Sow thistles - A nutritious edible weed
Sow thistle (part of "Edible weeds in Los Angeles")
Information, recipes, and fun facts about one of my favorite weeds, the sow thistle.
Sow thistle is one of the most plentiful wild plants you'll see in the Los Angeles area. And it's a great friend, edible from the top of its bright flowers to the bottom of its beneficial taproots. So let's take some time to get better acquainted with the sow thistle.
Getting acquainted with sow thistle
Sow thistle - Sonchus oleraceus
The binomial name for sow thistle is Sonchus oleraceus. Sonchus comes from Greek and means "hollow", a reference to its hollow stem. Oleraceus comes from Latin and means "kitchen vegetable" or "herb used in cooking". You can't get more edible than that!
It acquired the English name "sow thistle" because it was a popular food for livestock.
Sow thistle was introduced to the Americas by European settlers who brought it over as a garden vegetable.
Identifying sow thistle
The most obvious feature of the sow thistle is its beautiful bright yellow flower, similar to its close relative, the dandelion.
The leaves of the sow thistle are oval-shaped and rather smooth when the plant first sprouts.
As the plant matures, the leaves become more "toothed" in appearance.
When the leaves get older, they get more tough and often get a purplish tinge to them.
Sow thistle has a hollow stem. Both the stem and the leaves exude a sticky white sap when broken.
Learning to recognize sow thistle leaves on their own is helpful in foraging because the leaves are tastiest when they're picked before the plant flowers.
How is sow thistle different from dandelion?
Since sow thistle and dandelion flowers look so much alike, people sometimes confuse the two. Here are the most prominent differences:
- Sow thistle usually has many flowers sprouting out on each stalk. Dandelion only has one flower per stalk (see photos on the dandelion page).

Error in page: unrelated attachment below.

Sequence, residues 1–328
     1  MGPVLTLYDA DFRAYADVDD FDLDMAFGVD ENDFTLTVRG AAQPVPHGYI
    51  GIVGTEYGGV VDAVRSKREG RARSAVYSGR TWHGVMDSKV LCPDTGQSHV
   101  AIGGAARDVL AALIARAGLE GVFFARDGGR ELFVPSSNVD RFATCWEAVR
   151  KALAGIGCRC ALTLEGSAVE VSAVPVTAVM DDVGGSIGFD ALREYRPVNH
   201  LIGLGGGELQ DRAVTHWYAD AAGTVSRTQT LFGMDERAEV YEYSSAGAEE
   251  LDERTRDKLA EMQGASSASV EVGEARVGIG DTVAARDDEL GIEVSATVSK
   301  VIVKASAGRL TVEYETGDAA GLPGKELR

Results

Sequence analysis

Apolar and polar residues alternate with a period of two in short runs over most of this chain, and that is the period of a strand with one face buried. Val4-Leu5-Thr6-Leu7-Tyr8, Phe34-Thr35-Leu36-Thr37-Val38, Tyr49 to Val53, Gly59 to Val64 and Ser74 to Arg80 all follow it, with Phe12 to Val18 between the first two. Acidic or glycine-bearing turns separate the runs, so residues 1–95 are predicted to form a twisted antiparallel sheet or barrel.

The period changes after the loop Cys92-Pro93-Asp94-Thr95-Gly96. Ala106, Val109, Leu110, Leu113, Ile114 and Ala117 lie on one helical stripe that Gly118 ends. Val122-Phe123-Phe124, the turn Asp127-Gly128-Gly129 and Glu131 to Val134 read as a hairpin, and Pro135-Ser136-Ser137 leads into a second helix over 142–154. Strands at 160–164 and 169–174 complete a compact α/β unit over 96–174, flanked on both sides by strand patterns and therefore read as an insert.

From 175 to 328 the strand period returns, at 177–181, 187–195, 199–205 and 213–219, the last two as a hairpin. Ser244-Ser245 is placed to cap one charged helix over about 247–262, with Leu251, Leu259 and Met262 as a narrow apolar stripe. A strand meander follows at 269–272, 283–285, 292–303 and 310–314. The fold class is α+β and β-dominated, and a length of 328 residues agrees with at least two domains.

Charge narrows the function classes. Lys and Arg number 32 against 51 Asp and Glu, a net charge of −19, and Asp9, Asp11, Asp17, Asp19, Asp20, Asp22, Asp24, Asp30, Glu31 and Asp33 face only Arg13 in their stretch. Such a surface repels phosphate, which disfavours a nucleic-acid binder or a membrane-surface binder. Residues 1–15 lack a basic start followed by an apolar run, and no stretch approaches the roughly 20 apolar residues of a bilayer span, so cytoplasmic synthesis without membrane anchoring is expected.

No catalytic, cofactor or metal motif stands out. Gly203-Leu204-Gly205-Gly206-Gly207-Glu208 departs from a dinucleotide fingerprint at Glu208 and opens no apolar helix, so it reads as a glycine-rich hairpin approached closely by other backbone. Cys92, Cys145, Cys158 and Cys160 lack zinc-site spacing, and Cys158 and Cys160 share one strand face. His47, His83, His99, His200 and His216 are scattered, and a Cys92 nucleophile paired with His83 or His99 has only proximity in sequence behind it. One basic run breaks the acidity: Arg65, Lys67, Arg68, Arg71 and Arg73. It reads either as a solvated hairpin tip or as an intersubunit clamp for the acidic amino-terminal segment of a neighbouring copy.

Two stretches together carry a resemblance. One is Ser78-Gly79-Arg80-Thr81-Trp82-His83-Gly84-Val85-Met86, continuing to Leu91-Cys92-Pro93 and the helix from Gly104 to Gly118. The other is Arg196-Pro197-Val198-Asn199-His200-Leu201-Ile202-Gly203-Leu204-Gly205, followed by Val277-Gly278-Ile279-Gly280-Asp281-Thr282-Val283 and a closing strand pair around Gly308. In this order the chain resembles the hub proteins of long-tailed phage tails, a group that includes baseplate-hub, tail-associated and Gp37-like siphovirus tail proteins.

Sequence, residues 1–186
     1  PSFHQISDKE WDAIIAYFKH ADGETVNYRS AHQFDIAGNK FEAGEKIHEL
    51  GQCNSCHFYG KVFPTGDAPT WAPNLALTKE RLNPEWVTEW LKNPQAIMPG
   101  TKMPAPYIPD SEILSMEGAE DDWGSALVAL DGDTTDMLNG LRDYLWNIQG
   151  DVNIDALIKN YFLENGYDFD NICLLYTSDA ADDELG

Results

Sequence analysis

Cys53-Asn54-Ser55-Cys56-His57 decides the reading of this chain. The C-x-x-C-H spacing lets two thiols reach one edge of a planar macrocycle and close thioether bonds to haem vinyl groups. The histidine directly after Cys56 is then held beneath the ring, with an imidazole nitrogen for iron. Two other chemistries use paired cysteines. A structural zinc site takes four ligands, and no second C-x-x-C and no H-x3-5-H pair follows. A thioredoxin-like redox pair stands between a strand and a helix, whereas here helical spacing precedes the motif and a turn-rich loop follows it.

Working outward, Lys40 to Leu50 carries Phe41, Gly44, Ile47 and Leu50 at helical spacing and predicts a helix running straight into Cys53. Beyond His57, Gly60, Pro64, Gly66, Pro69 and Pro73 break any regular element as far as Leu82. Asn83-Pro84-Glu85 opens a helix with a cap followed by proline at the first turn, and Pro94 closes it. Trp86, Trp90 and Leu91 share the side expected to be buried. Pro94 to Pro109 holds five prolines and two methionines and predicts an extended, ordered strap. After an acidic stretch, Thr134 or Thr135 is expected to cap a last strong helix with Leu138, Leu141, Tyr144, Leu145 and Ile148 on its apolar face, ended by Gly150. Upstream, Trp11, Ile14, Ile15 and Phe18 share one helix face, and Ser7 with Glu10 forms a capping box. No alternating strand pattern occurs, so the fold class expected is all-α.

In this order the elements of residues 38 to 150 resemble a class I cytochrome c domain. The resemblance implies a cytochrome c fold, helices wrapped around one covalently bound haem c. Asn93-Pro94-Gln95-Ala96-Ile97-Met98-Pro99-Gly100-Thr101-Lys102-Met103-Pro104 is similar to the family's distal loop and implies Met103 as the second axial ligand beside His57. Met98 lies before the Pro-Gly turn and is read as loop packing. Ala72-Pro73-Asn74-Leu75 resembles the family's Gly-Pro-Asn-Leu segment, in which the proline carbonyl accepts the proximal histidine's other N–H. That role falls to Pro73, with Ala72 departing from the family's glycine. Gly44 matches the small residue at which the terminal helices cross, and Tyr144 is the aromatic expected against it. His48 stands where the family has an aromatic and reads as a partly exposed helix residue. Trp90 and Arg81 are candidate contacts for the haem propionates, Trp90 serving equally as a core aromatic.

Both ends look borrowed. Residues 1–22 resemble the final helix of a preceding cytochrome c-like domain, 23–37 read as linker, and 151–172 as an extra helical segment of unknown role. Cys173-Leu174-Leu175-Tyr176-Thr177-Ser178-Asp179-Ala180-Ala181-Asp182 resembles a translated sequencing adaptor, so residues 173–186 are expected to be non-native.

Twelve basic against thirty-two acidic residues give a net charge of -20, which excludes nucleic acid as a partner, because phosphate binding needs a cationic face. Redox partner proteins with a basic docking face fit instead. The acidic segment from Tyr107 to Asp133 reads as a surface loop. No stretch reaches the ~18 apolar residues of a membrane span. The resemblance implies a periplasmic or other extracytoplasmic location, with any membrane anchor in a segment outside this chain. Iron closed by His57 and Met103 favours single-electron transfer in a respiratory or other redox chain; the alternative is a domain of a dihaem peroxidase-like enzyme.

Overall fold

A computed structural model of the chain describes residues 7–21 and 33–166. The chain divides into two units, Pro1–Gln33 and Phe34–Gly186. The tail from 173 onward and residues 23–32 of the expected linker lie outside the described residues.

- On the sow thistle, leaves are seen going all the way up the stalk, as well as at the base of the plant. Dandelion leaves are only at the base.
- I also find that sow thistles spring up in drier soils that dandelions won't tolerate. My neighbors who water their yards more often get more dandelions. I get more sow thistles.
- Sow thistle and dandelion remind me of the cousin characters from the Patty Duke Show. Dandelions are like Cathy, the graceful and glamorous one. Sow thistles are like the more rough-and-tumble Patty. But both are beautiful in their own way.
Foraging video about sow thistle
This is from the "Eat the Weeds" series with Green Deane. Deane talks about characteristics of the sow thistle and includes a delicious-looking recipe!
Nutritional info about sow thistles
Sow thistle leaves are said to be a good source of vitamins A and C, thiamine, riboflavin, niacin, calcium, phosphorus, and iron.
Eating sow thistle
Young sow thistle leaves are wonderful in salad, adding substance and depth to the flavor of other greens. They have a slight bitter edge (just like some lettuces do), but they're less bitter than dandelion leaves.
The flowers are also delicious in salads.
Older leaves have a more noticeably bitter taste if they are eaten raw, but cooking gets rid of the bitterness. I often put old sow thistle leaves in soups.
A treasured part of Italian (specifically Ligurian) cuisine is preboggion, which is a mixture of several wild greens, including sow thistle.
Here's a sampling of other recipes from the internet:
- Stir-fried sow thistle and pork (this one is a .pdf file)
The roots of sow thistle and dandelion can be roasted and used as a coffee substitute.
Cookbooks that include recipes with sow thistle
Sow thistles in mythology
In the writings of Pliny the Elder of Rome, the Greek hero Theseus ate sow thistles before encountering the bull of Marathon.
In Italian stories, the phrase "Open Sow-Thistle" was used for the same purpose as the words "Open Sesame".
Sow thistle as a medicinal herb
Besides being a highly nutritious plant, sow thistle is reputed to have other medicinal properties. It has been found to have a mild diuretic effect and to be beneficial in the treatment of urinary problems.
Infusion of sow thistle can be reportedly be used as an emmenagogue.
The white sap from the stem is thought to be healing to the skin. It is also reported to have a mild opiate-like effect and has been used as a pain reliever in some cultures.
And a commenter to this page has found sow thistle to relieve gout!